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In vitro cell growth of marine archaeal-bacterial consortia during anaerobic oxidation of methane with sulfate.
Environ Microbiol. 2007 Jan; 9(1):187-96.EM

Abstract

Anoxic sediment from a methane hydrate area (Hydrate Ridge, north-east Pacific; water depth 780 m) was incubated in a long-term laboratory experiment with semi-continuous supply of pressurized [1.4 MPa (14 atm)] methane and sulfate to attempt in vitro propagation of the indigenous consortia of archaea (ANME-2) and bacteria (DSS, Desulfosarcina/Desulfococcus cluster) to which anaerobic oxidation of methane (AOM) with sulfate has been attributed. During 24 months of incubation, the rate of AOM (measured as methane-dependent sulfide formation) increased from 20 to 230 micromol day(-1) (g sediment dry weight)(-1) and the number of aggregates (determined by microscopic counts) from 0.5 x 10(8) to 5.7 x 10(8) (g sediment dry weight)(-1). Fluorescence in situ hybridization targeting 16S rRNA of both partners showed that the newly grown consortia contained central archaeal clusters and peripheral bacterial layers, both with the same morphology and phylogenetic affiliation as in the original sediment. The development of the AOM rate and the total consortia biovolume over time indicated that the consortia grew with a doubling time of approximately 7 months (growth rate 0.003 day(-1)) under the given conditions. The molar growth yield of AOM was approximately 0.6 g cell dry weight (mol CH(4) oxidized)(-1); according to this, only 1% of the consumed methane is channelled into synthesis of consortia biomass. Concentrations of biomarker lipids previously attributed to ANME-2 archaea (e.g. sn-2-hydroxyarchaeol, archaeol, crocetane, pentamethylicosatriene) and Desulfosarcina-like bacteria [e.g. hexadecenoic-11 acid (16:1omega5c), 11,12-methylene-hexadecanoic acid (cy17:0omega5,6)] strongly increased over time (some of them over-proportionally to consortia biovolume), suggesting that they are useful biomarkers to detect active anaerobic methanotrophic consortia in sediments.

Authors+Show Affiliations

Max Planck Institute for Marine Microbiology, Celsiusstrasse 1, D-28359 Bremen, Germany.No affiliation info availableNo affiliation info availableNo affiliation info availableNo affiliation info available

Pub Type(s)

Journal Article
Research Support, Non-U.S. Gov't

Language

eng

PubMed ID

17227423

Citation

Nauhaus, Katja, et al. "In Vitro Cell Growth of Marine Archaeal-bacterial Consortia During Anaerobic Oxidation of Methane With Sulfate." Environmental Microbiology, vol. 9, no. 1, 2007, pp. 187-96.
Nauhaus K, Albrecht M, Elvert M, et al. In vitro cell growth of marine archaeal-bacterial consortia during anaerobic oxidation of methane with sulfate. Environ Microbiol. 2007;9(1):187-96.
Nauhaus, K., Albrecht, M., Elvert, M., Boetius, A., & Widdel, F. (2007). In vitro cell growth of marine archaeal-bacterial consortia during anaerobic oxidation of methane with sulfate. Environmental Microbiology, 9(1), 187-96.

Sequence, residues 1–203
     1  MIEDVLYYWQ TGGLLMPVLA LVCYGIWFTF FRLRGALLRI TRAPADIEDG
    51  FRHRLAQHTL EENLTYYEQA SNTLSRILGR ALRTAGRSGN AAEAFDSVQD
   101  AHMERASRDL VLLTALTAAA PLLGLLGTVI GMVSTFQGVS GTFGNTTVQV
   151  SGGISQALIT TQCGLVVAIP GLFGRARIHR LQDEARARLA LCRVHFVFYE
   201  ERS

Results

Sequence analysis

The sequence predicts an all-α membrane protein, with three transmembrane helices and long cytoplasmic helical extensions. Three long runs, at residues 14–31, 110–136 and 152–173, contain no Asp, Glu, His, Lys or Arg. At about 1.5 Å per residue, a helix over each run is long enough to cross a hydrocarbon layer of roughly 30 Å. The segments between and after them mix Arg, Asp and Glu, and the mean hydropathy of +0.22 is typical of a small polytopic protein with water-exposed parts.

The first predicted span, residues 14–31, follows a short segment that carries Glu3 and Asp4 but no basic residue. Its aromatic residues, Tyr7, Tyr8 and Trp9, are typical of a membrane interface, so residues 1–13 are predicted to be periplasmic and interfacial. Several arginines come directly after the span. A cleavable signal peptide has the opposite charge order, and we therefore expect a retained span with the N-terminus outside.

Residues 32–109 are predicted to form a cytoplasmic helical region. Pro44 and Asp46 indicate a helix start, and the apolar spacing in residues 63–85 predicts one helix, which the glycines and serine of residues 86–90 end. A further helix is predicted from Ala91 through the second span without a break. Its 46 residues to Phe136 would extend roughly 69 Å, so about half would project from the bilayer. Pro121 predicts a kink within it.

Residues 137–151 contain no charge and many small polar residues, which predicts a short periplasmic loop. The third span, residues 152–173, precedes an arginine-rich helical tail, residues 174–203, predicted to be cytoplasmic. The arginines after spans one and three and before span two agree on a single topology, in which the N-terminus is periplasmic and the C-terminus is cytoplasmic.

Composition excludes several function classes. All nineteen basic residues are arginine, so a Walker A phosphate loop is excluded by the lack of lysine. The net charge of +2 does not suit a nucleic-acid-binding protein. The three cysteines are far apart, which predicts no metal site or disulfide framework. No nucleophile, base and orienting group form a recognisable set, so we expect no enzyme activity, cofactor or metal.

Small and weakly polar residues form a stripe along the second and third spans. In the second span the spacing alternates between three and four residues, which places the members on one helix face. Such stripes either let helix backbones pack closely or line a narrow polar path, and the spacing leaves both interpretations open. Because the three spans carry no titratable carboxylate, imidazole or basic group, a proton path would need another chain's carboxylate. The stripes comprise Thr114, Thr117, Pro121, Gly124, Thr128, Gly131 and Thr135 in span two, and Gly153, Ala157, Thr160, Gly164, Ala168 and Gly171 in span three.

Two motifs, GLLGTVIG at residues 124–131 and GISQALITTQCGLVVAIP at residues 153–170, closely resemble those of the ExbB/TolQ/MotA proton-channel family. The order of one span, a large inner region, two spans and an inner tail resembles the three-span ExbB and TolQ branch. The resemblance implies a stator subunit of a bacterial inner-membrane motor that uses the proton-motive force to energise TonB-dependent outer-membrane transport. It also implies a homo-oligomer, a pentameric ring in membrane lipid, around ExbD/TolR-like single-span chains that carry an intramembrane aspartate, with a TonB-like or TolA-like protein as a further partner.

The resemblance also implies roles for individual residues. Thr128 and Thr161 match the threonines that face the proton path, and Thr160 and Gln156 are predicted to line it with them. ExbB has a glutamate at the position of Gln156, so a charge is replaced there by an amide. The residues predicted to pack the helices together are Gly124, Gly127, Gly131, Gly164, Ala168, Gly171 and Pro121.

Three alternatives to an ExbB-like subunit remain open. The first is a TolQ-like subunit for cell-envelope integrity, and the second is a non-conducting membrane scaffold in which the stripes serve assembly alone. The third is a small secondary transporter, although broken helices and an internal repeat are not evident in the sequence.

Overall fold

Nauhaus K, et al. In Vitro Cell Growth of Marine Archaeal-bacterial Consortia During Anaerobic Oxidation of Methane With Sulfate. Environ Microbiol. 2007;9(1):187-96. PubMed PMID: 17227423.
* Article titles in AMA citation format should be in sentence-case
TY - JOUR T1 - In vitro cell growth of marine archaeal-bacterial consortia during anaerobic oxidation of methane with sulfate. AU - Nauhaus,Katja, AU - Albrecht,Melanie, AU - Elvert,Marcus, AU - Boetius,Antje, AU - Widdel,Friedrich, PY - 2007/1/18/pubmed PY - 2007/7/3/medline PY - 2007/1/18/entrez SP - 187 EP - 96 JF - Environmental microbiology JO - Environ. Microbiol. VL - 9 IS - 1 N2 - Anoxic sediment from a methane hydrate area (Hydrate Ridge, north-east Pacific; water depth 780 m) was incubated in a long-term laboratory experiment with semi-continuous supply of pressurized [1.4 MPa (14 atm)] methane and sulfate to attempt in vitro propagation of the indigenous consortia of archaea (ANME-2) and bacteria (DSS, Desulfosarcina/Desulfococcus cluster) to which anaerobic oxidation of methane (AOM) with sulfate has been attributed. During 24 months of incubation, the rate of AOM (measured as methane-dependent sulfide formation) increased from 20 to 230 micromol day(-1) (g sediment dry weight)(-1) and the number of aggregates (determined by microscopic counts) from 0.5 x 10(8) to 5.7 x 10(8) (g sediment dry weight)(-1). Fluorescence in situ hybridization targeting 16S rRNA of both partners showed that the newly grown consortia contained central archaeal clusters and peripheral bacterial layers, both with the same morphology and phylogenetic affiliation as in the original sediment. The development of the AOM rate and the total consortia biovolume over time indicated that the consortia grew with a doubling time of approximately 7 months (growth rate 0.003 day(-1)) under the given conditions. The molar growth yield of AOM was approximately 0.6 g cell dry weight (mol CH(4) oxidized)(-1); according to this, only 1% of the consumed methane is channelled into synthesis of consortia biomass. Concentrations of biomarker lipids previously attributed to ANME-2 archaea (e.g. sn-2-hydroxyarchaeol, archaeol, crocetane, pentamethylicosatriene) and Desulfosarcina-like bacteria [e.g. hexadecenoic-11 acid (16:1omega5c), 11,12-methylene-hexadecanoic acid (cy17:0omega5,6)] strongly increased over time (some of them over-proportionally to consortia biovolume), suggesting that they are useful biomarkers to detect active anaerobic methanotrophic consortia in sediments. SN - 1462-2912 UR - https://www.unboundmedicine.com/medline/citation/17227423/In_vitro_cell_growth_of_marine_archaeal_bacterial_consortia_during_anaerobic_oxidation_of_methane_with_sulfate_ L2 - https://doi.org/10.1111/j.1462-2920.2006.01127.x DB - PRIME DP - Unbound Medicine ER -